• Voters support requiring public employees to contribute at least 10 percent of their wages toward their pensions by a 57-34 margin.
  • Voters support determining pay increases based on merit rather than seniority by a 49-40 margin.


And those voters who do not identify with either major party are not loudly voicing their opinions either way, for a few reasons. The most prominent is fear of union retribution. The small business owner that supports SB 5 as a hedge against property tax increases probably isn’t putting up a sign for fear of a union-backed boycott. The teacher who supports merit pay as a way to be fairly compensated for hard work doesn’t dare oppose Ohio’s powerful teachers union. And the school administrators who need flexibility in balancing their budgets know that going toe-to-toe with unions could have catastrophic consequences should SB 5 be repealed.

But perhaps more importantly, the average Ohio family doesn’t have the luxury of a paid day off to take a bus to Columbus to scream and wave a sign in support of SB 5. Nor should they be expected to be so passionate. At the heart of the SB 5 debate is the conflict of concentrated benefits with dispersed costs. Of course the unions are going to spend $30 million on a hysterical smear campaign to oppose a very moderate piece of legislation. Automatic pay increases, “free” benefits and insulation from reform are their lifeblood. The average Ohioan just has to pay a little bit more in local property taxes and state income taxes, but unionized government employees experience an absolute windfall.

But at the end of the day, taxpayers know that the status quo is broken at both the state and local levels. And they are aware, in the words of the Buckeye Institute, that the Grand Bargain is dead. No longer do government workers take less pay but better benefits for the opportunity to perform a public service. Now they get great benefits and a bigger paycheck than the rest of us, with nearly no accountability to those of us paying the bills.

The left knows that Quinnipiac’s 57-32 situation isn’t going to happen next Tuesday. In fact, a recent internal labor memo warns that a blowout is not “remotely possible” and that Quinnipiac’s polling language is misleading. The same day the Democratic Governors Association dropped an emergency $150,000 check on the pro-repeal coalition.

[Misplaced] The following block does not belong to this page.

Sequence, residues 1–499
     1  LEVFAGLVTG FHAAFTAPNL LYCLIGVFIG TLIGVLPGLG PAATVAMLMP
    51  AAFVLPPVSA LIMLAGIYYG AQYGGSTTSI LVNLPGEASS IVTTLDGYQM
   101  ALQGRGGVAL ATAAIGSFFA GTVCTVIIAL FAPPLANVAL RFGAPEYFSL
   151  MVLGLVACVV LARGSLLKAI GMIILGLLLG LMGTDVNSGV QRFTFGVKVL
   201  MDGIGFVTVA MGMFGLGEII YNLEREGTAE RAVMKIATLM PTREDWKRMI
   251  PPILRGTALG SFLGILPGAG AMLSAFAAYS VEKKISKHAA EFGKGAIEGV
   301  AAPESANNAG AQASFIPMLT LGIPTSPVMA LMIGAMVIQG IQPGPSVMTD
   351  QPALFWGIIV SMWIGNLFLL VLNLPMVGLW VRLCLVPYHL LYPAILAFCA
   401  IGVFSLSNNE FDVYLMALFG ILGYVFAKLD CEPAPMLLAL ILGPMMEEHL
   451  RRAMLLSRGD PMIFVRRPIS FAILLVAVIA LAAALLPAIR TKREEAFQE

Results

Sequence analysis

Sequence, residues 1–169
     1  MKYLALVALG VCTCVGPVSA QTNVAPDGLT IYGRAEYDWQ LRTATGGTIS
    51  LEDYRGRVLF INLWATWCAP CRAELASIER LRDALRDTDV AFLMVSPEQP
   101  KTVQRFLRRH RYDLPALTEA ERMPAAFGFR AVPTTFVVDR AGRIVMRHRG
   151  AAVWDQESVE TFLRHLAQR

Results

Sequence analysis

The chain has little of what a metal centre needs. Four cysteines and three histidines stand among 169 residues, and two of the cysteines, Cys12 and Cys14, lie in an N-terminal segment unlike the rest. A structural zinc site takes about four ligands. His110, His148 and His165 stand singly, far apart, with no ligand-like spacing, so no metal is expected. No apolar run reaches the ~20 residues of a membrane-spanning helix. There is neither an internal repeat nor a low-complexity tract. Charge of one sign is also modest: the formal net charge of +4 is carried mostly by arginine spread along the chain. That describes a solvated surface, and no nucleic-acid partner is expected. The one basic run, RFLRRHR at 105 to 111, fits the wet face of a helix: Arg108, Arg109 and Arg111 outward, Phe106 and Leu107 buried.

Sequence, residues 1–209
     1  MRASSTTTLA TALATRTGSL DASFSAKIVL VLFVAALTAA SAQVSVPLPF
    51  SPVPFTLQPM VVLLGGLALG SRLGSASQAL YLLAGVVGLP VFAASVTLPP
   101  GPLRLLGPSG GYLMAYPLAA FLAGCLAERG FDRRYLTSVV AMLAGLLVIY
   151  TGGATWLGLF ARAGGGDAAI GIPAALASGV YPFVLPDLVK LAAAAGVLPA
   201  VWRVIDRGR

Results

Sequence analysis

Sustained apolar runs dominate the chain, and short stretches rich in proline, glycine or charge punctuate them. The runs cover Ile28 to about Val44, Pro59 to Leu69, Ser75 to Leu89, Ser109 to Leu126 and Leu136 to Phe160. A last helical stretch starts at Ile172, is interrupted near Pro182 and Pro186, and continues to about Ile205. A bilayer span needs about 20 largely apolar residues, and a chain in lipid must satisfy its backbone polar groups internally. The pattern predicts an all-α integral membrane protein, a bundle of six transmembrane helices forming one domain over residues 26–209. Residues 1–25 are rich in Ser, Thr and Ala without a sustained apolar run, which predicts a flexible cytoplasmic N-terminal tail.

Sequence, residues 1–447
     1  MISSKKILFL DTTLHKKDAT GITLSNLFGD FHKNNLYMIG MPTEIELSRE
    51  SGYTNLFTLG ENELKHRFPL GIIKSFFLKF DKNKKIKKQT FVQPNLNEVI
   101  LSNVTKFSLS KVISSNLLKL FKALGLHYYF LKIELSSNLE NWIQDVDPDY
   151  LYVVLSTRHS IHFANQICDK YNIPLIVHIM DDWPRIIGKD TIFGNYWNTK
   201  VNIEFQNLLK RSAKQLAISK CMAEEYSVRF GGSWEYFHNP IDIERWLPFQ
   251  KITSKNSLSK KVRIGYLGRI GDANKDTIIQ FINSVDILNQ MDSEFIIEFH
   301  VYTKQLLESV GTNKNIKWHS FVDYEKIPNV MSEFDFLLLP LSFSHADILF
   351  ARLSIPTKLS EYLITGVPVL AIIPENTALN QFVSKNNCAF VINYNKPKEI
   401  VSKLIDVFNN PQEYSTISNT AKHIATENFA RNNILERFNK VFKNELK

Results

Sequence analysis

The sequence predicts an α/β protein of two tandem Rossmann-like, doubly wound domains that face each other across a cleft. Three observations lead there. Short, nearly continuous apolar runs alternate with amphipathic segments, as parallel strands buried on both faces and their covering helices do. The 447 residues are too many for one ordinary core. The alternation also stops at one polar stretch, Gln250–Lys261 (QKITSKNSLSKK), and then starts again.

I think internal polling is slowly showing independents breaking toward a yes vote, as it should. This is not a partisan issue or an attack on Ohio public workers, most of whom do honorable and effective work. It is rather an attempt to curtail the power of their unions, who have effectively bankrupted Ohio’s local governments with inflexible demands and outsized political influence. A yes vote on Issue 2 is a vote for a sustainable government sector in Ohio.

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Silent Majority Prevails Over Big Labor in Wisconsin


Posted by Joshua Culling on Wednesday, August 10th, 2011, 6:46 AM PERMALINK


Organized labor and the professional left didn't do a very good job of controlling expectations leading into last night's recall elections in Wisconsin. The conventional wisdom held that Democrats would pick off at least three of the six Republican incumbents eligible for recall, enough to flip control of the upper chamber. This would deal a severe blow to Gov. Scott Walker and the labor reform movement across the country.

That didn't happen.

Republicans successfully defended four seats, including all three toss-ups. In the end, Democrats were only able to recall Sen. Dan Kapanke, who represented a very blue district, and Sen. Randy Hopper, whose personal problems sunk his campaign. Republicans are assured an enduring Senate majority, with the chance to regain a seat or two next week when two Democrat incumbents are subject to recall elections.